Reviewed in India on 12 September 2018
It's been time since I last read a reinterpretation of a mythological story. Especially one built from The Mahabharata, one of the grandest epics of the world, the greatest—of course—and a personal favourite too. So, when I got a review copy of The Fisher Queen’s Dynasty by Kavita Kané, I was thrilled. I'd heard about the author around my connections and heard about her other works too; and I appreciated the way she was pulling up and putting down the characters which were not given much light in original storyline, and women characters above that. With this excitement, and the “About the Author” section in the beginning, I built up hope to find within this, a great, grand narrative. And man was I wrong? No, it isn't that bad as you think it is, but it isn't that good (with one extra o) either.
So first let's start with the cover. They say—though it's a cliché —don’t judge a book by it's cover. And rightly so. The cover is the most beautiful thing about the book. Followed closely by the font, then the plot, then the narrative, and then I'm descending order goes setting, characters, and dialogues, among other constituents of the story. The cover features a lady. Ornamented. There's a lot of Golden and blue in it. Pointing out half of the story right there. Politics (it's where you get that much gold), and the fishes make the blue clear. And then there's an ornament on her wrist, which has a fish in it. The cover is attractive, and you might pick it, if you see it somewhere around. Out of seer curiosity. Then you will turn it over. Like a good reader does, to read the blurb. “Excellent!” You will think, turn the book back, open it, smell, and then start. Only if it were that simple.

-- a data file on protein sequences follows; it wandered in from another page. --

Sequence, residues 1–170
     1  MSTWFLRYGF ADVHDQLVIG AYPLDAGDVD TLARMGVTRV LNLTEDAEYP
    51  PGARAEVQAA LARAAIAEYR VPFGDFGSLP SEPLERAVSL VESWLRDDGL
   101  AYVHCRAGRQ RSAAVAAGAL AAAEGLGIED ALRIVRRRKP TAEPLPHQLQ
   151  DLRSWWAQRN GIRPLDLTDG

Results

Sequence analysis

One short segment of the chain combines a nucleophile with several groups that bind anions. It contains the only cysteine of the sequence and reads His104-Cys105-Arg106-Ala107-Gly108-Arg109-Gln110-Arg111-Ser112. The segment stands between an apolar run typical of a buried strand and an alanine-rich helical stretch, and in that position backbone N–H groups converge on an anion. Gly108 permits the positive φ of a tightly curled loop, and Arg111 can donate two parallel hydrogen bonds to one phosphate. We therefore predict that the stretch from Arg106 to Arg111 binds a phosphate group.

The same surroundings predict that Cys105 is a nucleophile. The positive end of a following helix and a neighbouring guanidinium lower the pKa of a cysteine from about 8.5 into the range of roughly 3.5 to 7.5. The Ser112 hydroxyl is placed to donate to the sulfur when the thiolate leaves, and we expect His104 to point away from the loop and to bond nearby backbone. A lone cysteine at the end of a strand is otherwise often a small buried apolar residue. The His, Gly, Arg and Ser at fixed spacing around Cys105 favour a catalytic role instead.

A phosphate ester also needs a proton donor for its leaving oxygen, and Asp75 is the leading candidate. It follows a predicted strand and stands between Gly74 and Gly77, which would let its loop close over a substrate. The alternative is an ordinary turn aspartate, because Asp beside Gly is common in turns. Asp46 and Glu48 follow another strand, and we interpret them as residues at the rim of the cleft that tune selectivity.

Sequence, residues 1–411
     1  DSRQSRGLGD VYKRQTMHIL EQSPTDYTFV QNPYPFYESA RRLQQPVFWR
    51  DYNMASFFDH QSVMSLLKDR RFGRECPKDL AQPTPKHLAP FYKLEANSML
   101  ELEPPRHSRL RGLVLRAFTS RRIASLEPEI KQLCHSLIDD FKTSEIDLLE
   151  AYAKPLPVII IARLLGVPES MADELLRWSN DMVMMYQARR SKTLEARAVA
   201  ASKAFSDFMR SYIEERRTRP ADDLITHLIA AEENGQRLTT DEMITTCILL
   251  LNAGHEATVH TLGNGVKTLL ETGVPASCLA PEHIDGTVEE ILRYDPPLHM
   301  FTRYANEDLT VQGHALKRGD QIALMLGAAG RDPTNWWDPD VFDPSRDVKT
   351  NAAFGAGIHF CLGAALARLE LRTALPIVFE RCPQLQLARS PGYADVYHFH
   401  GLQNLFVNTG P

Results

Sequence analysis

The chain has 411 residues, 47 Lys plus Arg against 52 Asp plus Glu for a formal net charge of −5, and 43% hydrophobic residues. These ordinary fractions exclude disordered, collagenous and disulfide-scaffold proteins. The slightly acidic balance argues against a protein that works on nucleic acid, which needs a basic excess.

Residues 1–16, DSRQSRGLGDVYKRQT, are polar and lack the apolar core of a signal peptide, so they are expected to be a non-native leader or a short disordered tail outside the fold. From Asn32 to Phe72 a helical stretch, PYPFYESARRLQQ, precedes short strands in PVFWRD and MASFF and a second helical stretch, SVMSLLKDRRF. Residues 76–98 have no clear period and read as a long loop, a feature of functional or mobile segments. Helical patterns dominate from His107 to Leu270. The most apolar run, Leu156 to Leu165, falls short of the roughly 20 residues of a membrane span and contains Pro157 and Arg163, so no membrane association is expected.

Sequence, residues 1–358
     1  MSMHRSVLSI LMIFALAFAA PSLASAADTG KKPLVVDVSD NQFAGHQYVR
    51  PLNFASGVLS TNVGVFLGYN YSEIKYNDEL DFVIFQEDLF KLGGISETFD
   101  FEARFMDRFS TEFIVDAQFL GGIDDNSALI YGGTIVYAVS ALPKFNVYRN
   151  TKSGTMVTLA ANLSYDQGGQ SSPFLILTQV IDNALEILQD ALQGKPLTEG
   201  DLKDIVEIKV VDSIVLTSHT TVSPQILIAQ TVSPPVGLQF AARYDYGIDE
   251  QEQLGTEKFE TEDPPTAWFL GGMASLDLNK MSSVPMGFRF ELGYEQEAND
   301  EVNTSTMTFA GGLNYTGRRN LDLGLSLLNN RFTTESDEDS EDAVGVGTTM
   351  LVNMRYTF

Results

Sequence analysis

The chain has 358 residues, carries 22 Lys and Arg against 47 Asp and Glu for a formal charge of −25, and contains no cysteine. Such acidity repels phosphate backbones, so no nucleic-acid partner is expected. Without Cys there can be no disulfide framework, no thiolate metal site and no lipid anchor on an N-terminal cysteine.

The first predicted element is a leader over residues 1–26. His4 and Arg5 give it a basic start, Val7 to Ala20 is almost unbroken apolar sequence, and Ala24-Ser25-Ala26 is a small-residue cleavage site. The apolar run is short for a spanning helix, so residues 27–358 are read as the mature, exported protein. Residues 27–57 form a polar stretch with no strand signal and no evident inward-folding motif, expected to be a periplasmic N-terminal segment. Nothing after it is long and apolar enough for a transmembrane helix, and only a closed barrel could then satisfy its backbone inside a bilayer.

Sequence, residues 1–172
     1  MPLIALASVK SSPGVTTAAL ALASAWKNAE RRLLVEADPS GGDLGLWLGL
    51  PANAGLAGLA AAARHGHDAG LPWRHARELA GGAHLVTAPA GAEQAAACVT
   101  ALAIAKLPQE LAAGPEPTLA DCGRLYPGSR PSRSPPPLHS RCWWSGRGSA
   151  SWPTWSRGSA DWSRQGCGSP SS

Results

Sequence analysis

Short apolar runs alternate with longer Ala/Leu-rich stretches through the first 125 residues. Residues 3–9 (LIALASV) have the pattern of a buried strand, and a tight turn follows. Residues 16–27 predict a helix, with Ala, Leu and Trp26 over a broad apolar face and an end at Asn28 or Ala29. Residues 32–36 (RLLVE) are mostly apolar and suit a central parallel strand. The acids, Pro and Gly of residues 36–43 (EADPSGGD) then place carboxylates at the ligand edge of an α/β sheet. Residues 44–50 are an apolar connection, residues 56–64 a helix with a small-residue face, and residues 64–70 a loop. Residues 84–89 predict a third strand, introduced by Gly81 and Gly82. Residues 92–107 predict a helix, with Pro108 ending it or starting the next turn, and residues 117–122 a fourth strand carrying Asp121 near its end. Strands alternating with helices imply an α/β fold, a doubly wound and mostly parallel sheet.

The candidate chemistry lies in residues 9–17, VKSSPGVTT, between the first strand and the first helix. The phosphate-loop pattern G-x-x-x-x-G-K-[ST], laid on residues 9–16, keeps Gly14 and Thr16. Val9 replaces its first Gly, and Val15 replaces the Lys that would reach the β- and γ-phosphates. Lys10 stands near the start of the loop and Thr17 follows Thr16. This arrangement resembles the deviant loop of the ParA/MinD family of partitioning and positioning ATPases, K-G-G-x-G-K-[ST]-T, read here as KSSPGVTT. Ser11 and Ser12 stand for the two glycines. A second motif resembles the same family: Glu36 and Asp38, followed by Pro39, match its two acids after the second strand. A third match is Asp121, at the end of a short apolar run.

The title is apt. Matches in a way with her other titles. Gives a woman character and adds a feminine role of a queen. People acquaint with the grand epic, will guess the character at once: who's it gonna be?
Down to the index. Chapters are not numbered, though every chapter is named. The only problem I had with the “contents” section was that it had too many ‘Thes’. In fact, except the “Prologue”, “Epilogue”, and the last chapter, every heading carries a ‘The’ in it. Though it's well justified. Everything was too singular in the epic storyline, and so even a small action becomes grand when it gets in the affinity of the grand narrative, but still, there are some things that become a grass blade in your eyes, and this was. No offence to the author!